On the role of tyrosine and peripheral metabolism in 3,4-methylenedioxymethamphetamine-induced serotonin neurotoxicity in rats.Neuropharmacology. 2008 Apr; 54(5):885-900.N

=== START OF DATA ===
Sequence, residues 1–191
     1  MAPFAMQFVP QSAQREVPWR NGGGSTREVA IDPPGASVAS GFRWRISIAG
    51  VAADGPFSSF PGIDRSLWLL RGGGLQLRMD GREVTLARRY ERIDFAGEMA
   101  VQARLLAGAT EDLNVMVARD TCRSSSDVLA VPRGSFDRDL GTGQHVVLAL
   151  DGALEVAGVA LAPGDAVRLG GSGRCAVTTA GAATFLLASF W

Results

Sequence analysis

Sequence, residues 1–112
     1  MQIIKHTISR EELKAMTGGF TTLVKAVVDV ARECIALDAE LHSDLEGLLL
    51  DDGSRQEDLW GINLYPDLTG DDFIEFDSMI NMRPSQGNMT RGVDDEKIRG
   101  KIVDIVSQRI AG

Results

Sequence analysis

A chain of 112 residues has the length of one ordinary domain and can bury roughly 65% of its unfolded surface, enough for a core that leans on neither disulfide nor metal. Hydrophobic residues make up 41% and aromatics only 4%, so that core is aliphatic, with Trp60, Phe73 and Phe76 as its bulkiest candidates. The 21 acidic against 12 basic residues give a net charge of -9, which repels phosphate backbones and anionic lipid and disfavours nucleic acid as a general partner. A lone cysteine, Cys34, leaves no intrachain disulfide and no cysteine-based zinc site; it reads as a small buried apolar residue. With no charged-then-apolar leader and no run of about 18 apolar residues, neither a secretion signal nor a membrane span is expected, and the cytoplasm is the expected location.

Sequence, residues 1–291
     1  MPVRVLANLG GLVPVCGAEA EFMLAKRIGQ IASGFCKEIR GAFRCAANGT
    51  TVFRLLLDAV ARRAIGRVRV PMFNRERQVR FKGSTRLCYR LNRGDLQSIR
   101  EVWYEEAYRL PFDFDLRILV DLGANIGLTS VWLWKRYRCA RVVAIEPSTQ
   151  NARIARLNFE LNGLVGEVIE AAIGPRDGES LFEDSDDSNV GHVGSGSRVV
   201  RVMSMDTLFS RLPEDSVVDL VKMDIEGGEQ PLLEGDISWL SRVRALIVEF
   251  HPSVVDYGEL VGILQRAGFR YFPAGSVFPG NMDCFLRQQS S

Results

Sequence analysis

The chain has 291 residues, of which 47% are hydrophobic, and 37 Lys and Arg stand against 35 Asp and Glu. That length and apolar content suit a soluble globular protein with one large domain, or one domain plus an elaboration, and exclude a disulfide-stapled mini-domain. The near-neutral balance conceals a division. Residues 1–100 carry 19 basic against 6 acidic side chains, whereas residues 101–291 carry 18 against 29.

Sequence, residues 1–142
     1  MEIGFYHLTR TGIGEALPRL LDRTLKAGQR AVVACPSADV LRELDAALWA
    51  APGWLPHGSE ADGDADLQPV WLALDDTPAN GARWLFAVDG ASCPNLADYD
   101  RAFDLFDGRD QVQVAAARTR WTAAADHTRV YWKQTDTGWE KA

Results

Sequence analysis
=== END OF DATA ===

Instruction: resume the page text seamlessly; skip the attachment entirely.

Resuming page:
The mechanisms underlying 3,4-methylenedioxymethamphetamine (MDMA)-induced serotonergic (5-HT) toxicity remain unclear. It has been suggested that MDMA depletes 5-HT by increasing brain tyrosine levels, which via non-enzymatic hydroxylation leads to DA-derived free radical formation. Because this hypothesis assumes the pre-existence of hydroxyl radicals, we hypothesized that MDMA metabolism into pro-oxidant compounds is the limiting step in this process. Acute hyperthermia, plasma tyrosine levels and concentrations of MDMA and its main metabolites were higher after a toxic (15 mg/kg i.p.) vs. a non-toxic dose of MDMA (7.5mg/kg i.p.). The administration of a non-toxic dose of MDMA in combination with l-tyrosine (0.2 mmol/kg i.p.) produced a similar increase in serum tyrosine levels to those found after a toxic dose of MDMA; however, brain 5-HT content remained unchanged. The non-toxic dose of MDMA combined with a high dose of tyrosine (0.5 mmol/kg i.p.), caused long-term 5-HT depletions in rats treated at 21.5 degrees C but not in those treated at 15 degrees C, conditions known to decrease MDMA metabolism. Furthermore, striatal perfusion of MDMA (100 microM for 5h) combined with tyrosine (0.5 mmol/kg i.p.) in hyperthermic rats did not cause 5-HT depletions. By contrast, rats treated with the non-toxic dose of MDMA under heating conditions or combined with entacapone or acivicin, which interfere with MDMA metabolism or increase brain MDMA metabolite availability respectively, showed significant reductions of brain 5-HT content. Altogether, these data indicate that although tyrosine may contribute to MDMA-induced toxicity, MDMA metabolism appears to be the limiting step.